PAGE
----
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Title: Silesian harm and Upper Silesian awakening
Authors: Muś, Anna
Keywords: Upper Silesians; Silesian harm; Silesian injustice; ethnoregionalist movement; collective memory; ethnopolitics
Issue Date: 2020
Citation: "The Border and Regional Studies" Vol. 8, No 4 (2020), s. 141-160
Abstract: The first part of the paper introduces the definition of the term Silesian harm and describes ways in which it can be observed among Upper Silesians. Further, the author elaborates on how the phenomenon emerged during the interwar period and how it was strengthened during and after the World War II, which led to exacerbation of national and ethnic conflicts in Upper Silesia. One of the effects of the World War II, was the invasion of the Red Army on Silesian lands and a wave of hatred, which led to the tragedy of the civilian population, referred to today as the Upper Silesian Tragedy. In the end, mechanisms of strengthening and consolidation of the sense of harm and abuse among the population of Upper Silesia are studied. The role of the Silesian harm in the process called ‚the Upper Silesian awakening’ has been scarcely studied in scholarly literature before, but its evolution indicates that the role it plays among the indigenous population of Upper Silesia has changed. Silesian harm is no longer seen as a stigma, but it has become a motivation for social and political action and participation.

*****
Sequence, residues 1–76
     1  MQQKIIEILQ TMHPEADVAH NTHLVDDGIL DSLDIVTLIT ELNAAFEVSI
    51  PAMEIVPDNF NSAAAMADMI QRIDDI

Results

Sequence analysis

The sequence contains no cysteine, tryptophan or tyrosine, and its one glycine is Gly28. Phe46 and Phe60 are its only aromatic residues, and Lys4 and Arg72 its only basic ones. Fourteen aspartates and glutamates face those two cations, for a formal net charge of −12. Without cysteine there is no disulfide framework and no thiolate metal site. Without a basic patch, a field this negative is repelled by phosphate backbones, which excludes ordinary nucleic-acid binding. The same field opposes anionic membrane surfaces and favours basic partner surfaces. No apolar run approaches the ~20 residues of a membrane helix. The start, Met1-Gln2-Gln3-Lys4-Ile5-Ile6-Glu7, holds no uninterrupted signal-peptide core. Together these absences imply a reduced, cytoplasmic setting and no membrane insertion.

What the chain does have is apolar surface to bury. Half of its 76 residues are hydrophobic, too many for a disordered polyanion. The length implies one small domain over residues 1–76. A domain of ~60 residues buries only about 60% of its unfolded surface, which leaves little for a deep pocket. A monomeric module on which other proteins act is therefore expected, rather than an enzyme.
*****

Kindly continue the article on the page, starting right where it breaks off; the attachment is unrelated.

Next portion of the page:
DOI: 10.25167/brs2126
ISSN: 2719-6577
Appears in Collections:Artykuły (WNS)

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